June 3, 2014
by Mark Dunning
My wife Julia and I learned that our daughter Bella had hearing loss when she was an infant. She was identified through a pilot program for newborn hearing screening. We learned sign language. We tried hearing aids. When she was two, she got her first cochlear implant. There were a million otolaryngology visits. She had hours of speech therapy. We attended hearing loss support groups for parents. Our lives revolved around hearing loss.
Bella didn’t sit on her own until she was almost 9 months old. She didn’t walk until she was almost 30 months old.
We learned Bella had vision issues when she was 8 years old. We were considering a second cochlear implant. The audiologist suggested we take advantage of a new genetic test for Usher syndrome. Ten weeks later it was confirmed. We took her to ophthalmologists at Boston Children’s Hospital and Mass Eye and Ear. She had fundus exams and dark adaptive tests. She had ERGs and OCTs. We sought out every expert on Usher syndrome and retinitis pigmentosa in the world. Our lives revolved around vision loss.
Bella tried soccer when she was 8 years old. She lasted a season. She couldn’t balance on one foot long enough to kick the ball.
A few weeks ago Bella was asked to speak to fourth, fifth, and sixth graders at the Douglas Elementary School. They do a program called Mini We Day that is meant to empower kids to change the world. She spoke at the event last year as well (last year’s speech is at the end of this post). Bella was flattered to be asked back. She couldn’t wait to go.
The podium was in the center of the gymnasium. The stairs were steep. There wasn’t a railing. Bella fell. She handled it well, jokingly comparing herself to Jennifer Lawrence at the Oscars. Then she gave this speech:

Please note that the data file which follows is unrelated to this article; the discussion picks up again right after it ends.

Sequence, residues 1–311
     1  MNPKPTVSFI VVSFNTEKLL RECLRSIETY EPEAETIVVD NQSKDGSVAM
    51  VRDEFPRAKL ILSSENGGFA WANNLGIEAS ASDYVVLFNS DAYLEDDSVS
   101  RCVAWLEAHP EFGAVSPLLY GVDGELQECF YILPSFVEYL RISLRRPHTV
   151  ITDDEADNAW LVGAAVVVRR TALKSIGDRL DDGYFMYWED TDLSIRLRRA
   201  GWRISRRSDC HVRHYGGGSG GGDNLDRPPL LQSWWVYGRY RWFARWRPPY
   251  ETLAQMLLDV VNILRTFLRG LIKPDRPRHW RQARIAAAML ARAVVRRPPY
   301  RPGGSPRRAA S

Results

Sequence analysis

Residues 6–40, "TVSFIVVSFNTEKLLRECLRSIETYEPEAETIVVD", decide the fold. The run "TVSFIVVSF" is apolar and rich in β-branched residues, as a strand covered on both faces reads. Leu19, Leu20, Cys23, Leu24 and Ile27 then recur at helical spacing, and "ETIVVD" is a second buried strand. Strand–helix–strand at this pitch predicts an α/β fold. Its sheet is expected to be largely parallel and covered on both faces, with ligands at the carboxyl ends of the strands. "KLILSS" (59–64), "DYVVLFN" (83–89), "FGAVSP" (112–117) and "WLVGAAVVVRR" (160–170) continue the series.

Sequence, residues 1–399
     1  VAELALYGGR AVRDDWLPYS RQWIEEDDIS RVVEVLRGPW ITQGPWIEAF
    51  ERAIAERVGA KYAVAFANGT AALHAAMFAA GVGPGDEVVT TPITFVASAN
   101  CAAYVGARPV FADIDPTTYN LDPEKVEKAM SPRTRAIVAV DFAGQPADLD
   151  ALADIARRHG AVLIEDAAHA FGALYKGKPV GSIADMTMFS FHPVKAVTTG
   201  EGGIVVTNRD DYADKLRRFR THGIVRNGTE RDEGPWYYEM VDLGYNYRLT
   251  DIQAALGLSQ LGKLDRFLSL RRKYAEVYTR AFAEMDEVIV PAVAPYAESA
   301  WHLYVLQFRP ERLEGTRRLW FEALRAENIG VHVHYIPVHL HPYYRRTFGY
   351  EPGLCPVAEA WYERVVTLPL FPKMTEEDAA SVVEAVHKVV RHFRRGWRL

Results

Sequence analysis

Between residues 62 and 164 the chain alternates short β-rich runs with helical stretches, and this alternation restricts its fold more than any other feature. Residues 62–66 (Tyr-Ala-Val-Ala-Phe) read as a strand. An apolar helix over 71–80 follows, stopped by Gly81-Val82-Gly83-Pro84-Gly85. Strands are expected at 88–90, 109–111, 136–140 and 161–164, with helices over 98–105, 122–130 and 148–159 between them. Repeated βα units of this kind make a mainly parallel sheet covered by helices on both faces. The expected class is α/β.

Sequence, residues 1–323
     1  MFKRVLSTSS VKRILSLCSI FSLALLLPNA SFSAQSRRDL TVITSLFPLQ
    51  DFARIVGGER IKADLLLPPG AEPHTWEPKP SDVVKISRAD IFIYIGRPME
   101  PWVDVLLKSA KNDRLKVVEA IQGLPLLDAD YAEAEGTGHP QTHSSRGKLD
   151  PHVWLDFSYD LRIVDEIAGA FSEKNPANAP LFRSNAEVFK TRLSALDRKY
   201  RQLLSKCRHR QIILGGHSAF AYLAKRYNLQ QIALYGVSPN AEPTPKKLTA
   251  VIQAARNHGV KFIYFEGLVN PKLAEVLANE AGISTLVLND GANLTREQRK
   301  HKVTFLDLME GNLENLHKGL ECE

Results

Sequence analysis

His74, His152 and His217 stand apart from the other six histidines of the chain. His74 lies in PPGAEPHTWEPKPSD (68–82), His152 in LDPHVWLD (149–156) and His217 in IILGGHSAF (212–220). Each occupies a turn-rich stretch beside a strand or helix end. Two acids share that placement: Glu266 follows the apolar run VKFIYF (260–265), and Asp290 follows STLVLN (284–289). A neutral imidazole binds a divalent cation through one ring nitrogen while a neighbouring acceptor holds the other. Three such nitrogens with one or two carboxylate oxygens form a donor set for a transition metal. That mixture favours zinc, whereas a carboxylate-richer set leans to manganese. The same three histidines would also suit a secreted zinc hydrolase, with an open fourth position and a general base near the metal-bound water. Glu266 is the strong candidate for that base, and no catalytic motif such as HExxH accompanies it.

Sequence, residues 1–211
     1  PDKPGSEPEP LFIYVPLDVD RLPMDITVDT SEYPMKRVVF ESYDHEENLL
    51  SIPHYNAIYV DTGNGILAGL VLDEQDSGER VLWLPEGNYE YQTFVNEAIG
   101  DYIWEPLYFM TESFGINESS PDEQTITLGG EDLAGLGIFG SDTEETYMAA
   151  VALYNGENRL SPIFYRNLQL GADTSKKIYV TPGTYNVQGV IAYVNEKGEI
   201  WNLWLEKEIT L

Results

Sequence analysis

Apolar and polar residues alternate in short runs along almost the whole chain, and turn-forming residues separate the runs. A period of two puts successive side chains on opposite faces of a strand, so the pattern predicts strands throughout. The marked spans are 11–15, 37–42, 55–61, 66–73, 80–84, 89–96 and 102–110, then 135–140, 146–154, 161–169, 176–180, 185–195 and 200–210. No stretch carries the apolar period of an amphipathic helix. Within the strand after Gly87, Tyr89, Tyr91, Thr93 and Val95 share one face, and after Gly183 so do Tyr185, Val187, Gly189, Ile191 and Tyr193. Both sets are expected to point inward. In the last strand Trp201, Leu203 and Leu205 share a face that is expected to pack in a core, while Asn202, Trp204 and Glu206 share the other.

Girl Balancing in the Woods
“Hello everyone. I am Bella Dunning. Thank you for inviting me to speak again. I am honored. I am here to tell you my story.
I was born deaf. From an early age I could not speak, all I could is sign. At age 2, I got my first cochlear implant and I picked up spoken language. All my childhood I would stumble a ton and miss the ball or not be able to read something on the board even with glasses. My parents got worried and took me to the doctor. They diagnosed me with Usher syndrome.
Usher syndrome explained all of my problems. Usher syndrome is a disease that means you are born deaf and you have balance issues. Also you lose your vision over time. So I am deaf and I am going blind.
It is a hard disease to live with but I have a philosophy that you can’t worry too much about the future. You have to live in the now. Have you guys seen the movie the Incredibles? Remember the supersuit designer, Edna Mode? Edna Mode said “I never look back, darling. It distracts from the now.” Well, I never look too far forward, darlings. It distracts from the now. That is how I live with my vision loss. I have a long time before I am completely blind. So why not enjoy now?
You might not realize it, but you do the same thing. We all do. Because if we look too far in to the future, we see that we are dead. That’s a scary thought. But none of us lives our whole life worrying about dying. We are too busy living. We have a whole life to live before we die. And I have a whole life to live before I lose my vision. So I try to use every minute. You should too.
Thanks again for inviting me. I have enjoyed every minute I have been speaking to you. I hope you enjoy every minute of the rest of your day and the rest of your life.”
The next week Bella was informed that she was to receive an award at the annual High School award ceremony. She threw a fit. She didn’t want to go. Julia and I could not understand why. Was she worried about hearing the speakers? Was she worried she wouldn’t understand what was said? Was she worried she wouldn’t be able to see in the auditorium? Or that she might not see the edge of the stage and tumble off? But she said it was none of those things. She could use her FM to hear. The lighting in the auditorium was fine.
But she didn’t want to fall on the stairs again. Not in front of the whole high school. She is fifteen years old and self-conscious. She is proud of her hearing loss and happy to discuss her vision loss. But she was too embarrassed by her balance problems to accept an award.